Early Film Highlights from Moving Pictures, Optical Entertainments and the Advent of Cinema
I have been fortunate enough to be involved in the development of two of our most visually stimulating resources: Popular Culture in Britain and America, 1950-1970; Rock and Roll, Counterculture, Peace and Protest and most recently Moving Pictures, Optical Entertainments and the Advent of Cinema, the fourth part of our Victorian Popular Culture series.
It was a year ago that I first visited the Bill Douglas Centre at Exeter University and wrote about my initial impressions of the material for my first Editorial News Feature. Since that time I have seen it evolve from precious - and often pristine - Victorian artefacts, meticulously filed and shelved in an academic archive, to a vivid digital resource that is fully searchable, interactive and tailored to scholars of visual culture.
In a coup for Adam Matthew, the Bill Douglas collection is complemented by a selection of early films from the British Film Institute; arguably a film loverâ€™s treasure trove! I have always been mesmerised by the allure and magic of the early film era; the palpable excitement that audiences must have felt when watching pictures in animation for the first time and also the terror and bewilderment they would have experienced when witnessing often alarming â€˜special effectsâ€™ on a large scale.
Some notable early â€˜special effectâ€™ films include: Santa Claus (1898), which sees Santa coming down the chimney, leaving presents for the sleeping children and suddenly disappearing just as they start to wake; Grandmaâ€™s Reading Glass (1900), showcasing early â€˜close-upâ€™ shots via a â€˜magicâ€™ reading glass; and my personal favourite, Upside Down; Or The Human Flies (1899). In this clip, a magician waves his wand and makes a top hat fly to the ceiling. He then asks some people to stand before disappearing himself, and then suddenly the remaining people find themselves standing upside-down on the ceiling. This is one of the first films made by W. R. Booth, an early special effects pioneer with a background in magic performance. What is in fact a very simple illusion â€“ filming with the camera turned upside-down so that the actors appear to be performing on the ceiling â€“ would have been literally astonishing for the filmâ€™s contemporary audiences at the turn of the century and that is why, for me, the magic remains so potent.
Another recurring theme in early moving pictures is the â€˜peep-showâ€™ effect. Moving pictures â€“ and the enticingly dark picture houses where they would have been exhibited â€“ provided a tantalizing new medium for voyeuristic entertainment whereby audiences could observe these otherwise private happenings without interruption. Many films were shot â€˜through the keyholeâ€™ to allow the audience to witness bedroom or boudoir scenes from a supposedly secret vantage point. A few memorable films within this genre include, A Victorian Lady in Her Boudoir (1896), which sees an extravagantly dressed lady removing articles of clothing â€“ hat, shawl, sash, ribbons, overskirt, corset, more ribbons, petticoats and stockings â€“ until she is down to nothing more than a muslin shift. This elaborate â€˜strip-teaseâ€™ is repeated in the 1898 film The Brideâ€™s First Night, which features a bride getting ready for bed while her new husband watches from behind a screen and rubs his hands together in giddy anticipation. Of the films we have selected from the BFI, the French short Flagrant Delit Dâ€™Adultere (1900) is perhaps the most risquÃ©. This shows a couple â€˜in flagrante delictoâ€™ as the title suggests (although, unlike his mistress, the gentleman is in fact fully clothed). Upon hearing a noise, he secretes her away in a hidden cupboard before a troupe of policemen burst into the room and discover the sordid scene.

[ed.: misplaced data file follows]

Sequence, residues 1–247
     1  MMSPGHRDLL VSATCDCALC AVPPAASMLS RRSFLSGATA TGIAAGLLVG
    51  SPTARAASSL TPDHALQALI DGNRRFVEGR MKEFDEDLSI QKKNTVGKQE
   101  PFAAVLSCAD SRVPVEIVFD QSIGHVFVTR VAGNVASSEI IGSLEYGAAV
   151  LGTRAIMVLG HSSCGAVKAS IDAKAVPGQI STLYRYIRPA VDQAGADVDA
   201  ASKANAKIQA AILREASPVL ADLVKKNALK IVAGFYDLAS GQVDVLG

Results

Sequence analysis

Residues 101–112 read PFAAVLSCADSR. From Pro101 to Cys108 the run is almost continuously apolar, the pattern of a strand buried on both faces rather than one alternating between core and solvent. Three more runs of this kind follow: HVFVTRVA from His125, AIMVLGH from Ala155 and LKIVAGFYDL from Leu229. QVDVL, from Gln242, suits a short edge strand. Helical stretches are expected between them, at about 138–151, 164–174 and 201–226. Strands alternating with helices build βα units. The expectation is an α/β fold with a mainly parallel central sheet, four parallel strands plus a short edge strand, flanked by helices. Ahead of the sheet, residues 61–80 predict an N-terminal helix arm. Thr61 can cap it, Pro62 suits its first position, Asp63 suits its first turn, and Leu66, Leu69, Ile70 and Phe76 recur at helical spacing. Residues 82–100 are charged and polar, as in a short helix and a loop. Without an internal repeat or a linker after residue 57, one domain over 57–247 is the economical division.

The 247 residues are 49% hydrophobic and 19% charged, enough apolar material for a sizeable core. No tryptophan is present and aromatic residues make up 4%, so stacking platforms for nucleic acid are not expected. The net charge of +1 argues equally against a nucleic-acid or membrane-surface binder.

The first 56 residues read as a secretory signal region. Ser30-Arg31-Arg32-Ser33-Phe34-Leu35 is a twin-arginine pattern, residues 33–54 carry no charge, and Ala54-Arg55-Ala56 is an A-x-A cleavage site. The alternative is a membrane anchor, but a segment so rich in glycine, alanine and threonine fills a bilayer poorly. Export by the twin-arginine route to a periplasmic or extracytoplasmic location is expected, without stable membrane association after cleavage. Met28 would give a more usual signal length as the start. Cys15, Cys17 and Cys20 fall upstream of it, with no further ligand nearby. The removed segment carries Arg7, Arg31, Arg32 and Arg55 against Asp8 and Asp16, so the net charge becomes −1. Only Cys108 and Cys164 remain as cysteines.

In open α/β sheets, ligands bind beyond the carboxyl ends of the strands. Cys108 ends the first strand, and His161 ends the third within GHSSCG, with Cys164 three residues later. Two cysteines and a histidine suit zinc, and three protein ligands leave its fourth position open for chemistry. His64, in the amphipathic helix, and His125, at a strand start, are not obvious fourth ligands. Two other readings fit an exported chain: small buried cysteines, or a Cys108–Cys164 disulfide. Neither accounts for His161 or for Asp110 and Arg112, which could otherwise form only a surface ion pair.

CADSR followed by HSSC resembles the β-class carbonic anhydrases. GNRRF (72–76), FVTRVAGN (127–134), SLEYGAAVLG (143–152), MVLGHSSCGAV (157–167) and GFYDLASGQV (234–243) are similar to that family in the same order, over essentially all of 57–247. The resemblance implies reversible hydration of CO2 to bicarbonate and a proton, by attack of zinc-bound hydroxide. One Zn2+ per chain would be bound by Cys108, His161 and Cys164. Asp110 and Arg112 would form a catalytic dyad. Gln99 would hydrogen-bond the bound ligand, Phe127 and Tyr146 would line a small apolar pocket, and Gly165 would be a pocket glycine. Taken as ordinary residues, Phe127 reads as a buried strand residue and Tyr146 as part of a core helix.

During my research for this project I have come across references to many early films that unfortunately, due to poor storage conditions or the experimental projectors used to play the reels of film, have been irrevocably lost. This resource â€“ and digitisation in general â€“ provides a way of capturing these artefacts for both preservation and longevity, and I am so excited to see the final result.
All of the short films mentioned and many more will be featured in Moving Pictures, Optical Entertainments and the Advent of Cinema resource courtesy of the British Film Institute.